What began as a backyard treat for his kids has now become one man's multimillion-dollar business.
You would have to admit, Brent Christensen has one of the coolest jobs in the world. He makes a living making ice castles.
It began as a hobby for Mr Christensen seven years ago.
"The kids and I would go out and build igloos and ice rinks, and I just was fortunate enough to stumble upon the idea of using icicles and spraying water as a way to build these structures," he says.
From his backyard to now a $2 million business, this year four crews are creating ice parks in Canada, Utah, Minnesota and New Hampshire.
Warm weather forced a late start in New Hampshire. His team of 20 artisans worked 14-hour days for three weeks, spraying 5 million gallons of water in temperatures as low as -16degC.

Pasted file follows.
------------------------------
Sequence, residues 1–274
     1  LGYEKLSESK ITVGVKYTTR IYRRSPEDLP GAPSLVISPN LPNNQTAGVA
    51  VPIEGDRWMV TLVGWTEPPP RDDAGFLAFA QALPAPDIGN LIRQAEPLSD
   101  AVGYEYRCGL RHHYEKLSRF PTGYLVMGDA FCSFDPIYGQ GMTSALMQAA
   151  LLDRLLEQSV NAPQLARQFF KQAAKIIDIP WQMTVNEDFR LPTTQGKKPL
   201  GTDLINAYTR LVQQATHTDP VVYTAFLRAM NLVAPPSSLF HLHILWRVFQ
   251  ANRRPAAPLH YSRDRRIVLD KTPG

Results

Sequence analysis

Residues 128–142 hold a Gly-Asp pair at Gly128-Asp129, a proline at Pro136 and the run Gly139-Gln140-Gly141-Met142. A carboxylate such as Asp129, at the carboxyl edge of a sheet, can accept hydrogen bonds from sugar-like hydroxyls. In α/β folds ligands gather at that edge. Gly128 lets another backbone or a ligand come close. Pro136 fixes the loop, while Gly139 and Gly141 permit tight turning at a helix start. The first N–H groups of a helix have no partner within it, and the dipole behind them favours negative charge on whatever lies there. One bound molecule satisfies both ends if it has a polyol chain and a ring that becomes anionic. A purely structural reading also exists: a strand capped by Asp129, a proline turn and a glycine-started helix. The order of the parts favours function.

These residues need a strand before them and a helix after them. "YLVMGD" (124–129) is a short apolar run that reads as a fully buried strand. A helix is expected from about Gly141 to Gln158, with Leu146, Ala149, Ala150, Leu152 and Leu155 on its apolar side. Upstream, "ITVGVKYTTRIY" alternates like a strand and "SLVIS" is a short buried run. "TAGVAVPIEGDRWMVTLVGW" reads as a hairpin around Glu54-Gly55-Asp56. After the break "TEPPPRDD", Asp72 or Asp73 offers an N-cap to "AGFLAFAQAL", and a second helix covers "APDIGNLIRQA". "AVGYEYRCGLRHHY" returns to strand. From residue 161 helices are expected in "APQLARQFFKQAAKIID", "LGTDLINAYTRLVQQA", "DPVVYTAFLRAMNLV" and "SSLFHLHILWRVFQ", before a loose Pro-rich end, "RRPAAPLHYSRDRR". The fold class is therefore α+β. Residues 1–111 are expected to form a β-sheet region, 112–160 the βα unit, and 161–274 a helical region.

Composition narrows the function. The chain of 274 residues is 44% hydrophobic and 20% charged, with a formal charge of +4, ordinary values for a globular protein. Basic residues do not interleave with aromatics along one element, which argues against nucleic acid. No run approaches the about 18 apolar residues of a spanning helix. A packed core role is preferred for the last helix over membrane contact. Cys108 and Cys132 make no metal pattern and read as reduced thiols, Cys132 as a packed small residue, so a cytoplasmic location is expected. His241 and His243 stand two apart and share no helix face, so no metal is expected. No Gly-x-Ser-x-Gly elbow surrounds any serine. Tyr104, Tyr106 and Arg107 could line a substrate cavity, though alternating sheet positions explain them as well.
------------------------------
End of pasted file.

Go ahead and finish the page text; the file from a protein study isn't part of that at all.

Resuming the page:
A park that opened last weekend offers chills and thrills for all ages.
"We've got slides; we've got mazes made out of ice, and slot canyons and little crawl tubes," says Mr Christensen.
The park is open day and night, with the help of thousands of embedded LED lights.
"They go from a white to a blue to a green, and we even have them synchronised to music periodically," says Mr Christensen.
Work continues on the sculptures throughout the season. Some will grow to as high as 12 metres.
"To actually share it with other people and to also make a living from it, it's -- I can't think of anybody I'd want to trade places with," says Mr Christensen.
He's the king of ice castles, even if his reign only lasts as long as nature allows.